Policing the Second Amendment: Guns, Law Enforcement, and the Politics of Race
An urgent look at the relationship between the politics of guns, race, and policing in America today
The United States is steeped in debates about guns. As discussions rage on, one issue has been overlooked―Americans who support gun control turn to the police as enforcers of their preferred policies, but the police themselves disproportionately support gun rights over gun control. How does this perspective shape what is considered lawful force? Who can engage in legitimate violence and who is punished for it? Linking the politics of guns with the politics of policing, Policing the Second Amendment unravels the complex relationship between public law enforcement, legitimate violence, and race. Jennifer Carlson shows how racial dynamics shape police thinking about gun laws, and, on a wider level, she examines how racial ideologies of violence profoundly influence arguments about gun use, whether by the police or civilians.
Drawing on local and national newspapers, interviews with close to eighty police chiefs across the country, and observations of gun licensing processes, Carlson explores the ways the police make sense of guns and looks at how guns are regulated in different states. She describes a troubling paradox that characterizes the state of guns today―alongside unprecedented civilian access to own, carry, and use guns in order to maintain social order, there exists an all-too-visible system of gun criminalization aimed primarily at people of color. This framework informs and justifies how law enforcement pursue public safety and understand their roles in today’s policed society.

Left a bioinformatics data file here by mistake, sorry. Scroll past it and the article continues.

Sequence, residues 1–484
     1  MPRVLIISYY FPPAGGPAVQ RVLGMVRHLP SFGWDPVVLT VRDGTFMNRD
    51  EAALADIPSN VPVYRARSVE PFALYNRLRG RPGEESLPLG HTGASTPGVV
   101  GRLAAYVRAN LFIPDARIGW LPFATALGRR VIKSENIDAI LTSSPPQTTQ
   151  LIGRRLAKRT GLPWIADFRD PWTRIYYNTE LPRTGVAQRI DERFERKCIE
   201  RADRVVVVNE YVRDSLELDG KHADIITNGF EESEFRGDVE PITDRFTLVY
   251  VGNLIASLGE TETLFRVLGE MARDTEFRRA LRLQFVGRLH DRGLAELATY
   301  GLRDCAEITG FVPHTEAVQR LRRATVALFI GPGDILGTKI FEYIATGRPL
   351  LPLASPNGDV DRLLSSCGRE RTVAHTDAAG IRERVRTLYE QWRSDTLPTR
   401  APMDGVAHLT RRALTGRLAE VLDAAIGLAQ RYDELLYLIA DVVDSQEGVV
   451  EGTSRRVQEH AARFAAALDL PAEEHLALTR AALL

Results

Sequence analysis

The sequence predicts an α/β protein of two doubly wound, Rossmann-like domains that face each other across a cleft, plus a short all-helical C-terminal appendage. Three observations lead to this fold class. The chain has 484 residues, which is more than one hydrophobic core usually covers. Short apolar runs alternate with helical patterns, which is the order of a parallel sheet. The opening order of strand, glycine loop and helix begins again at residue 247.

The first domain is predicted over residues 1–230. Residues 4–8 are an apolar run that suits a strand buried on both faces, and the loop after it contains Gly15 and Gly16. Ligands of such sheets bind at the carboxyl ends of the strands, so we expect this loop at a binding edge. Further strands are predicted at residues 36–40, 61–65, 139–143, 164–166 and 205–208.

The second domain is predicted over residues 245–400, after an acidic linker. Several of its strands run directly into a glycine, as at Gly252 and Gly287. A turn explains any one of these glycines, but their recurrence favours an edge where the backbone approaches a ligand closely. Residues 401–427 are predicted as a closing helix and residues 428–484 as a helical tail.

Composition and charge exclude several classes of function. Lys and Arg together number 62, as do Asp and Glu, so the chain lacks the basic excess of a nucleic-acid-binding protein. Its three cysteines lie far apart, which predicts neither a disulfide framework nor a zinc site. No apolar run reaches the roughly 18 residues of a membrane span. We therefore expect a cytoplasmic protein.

From the National Rifle Association to tough-on-crime law enforcement, Policing the Second Amendment demonstrates that the terrain of gun politics must be reevaluated if there is to be any hope of mitigating further tragedies.
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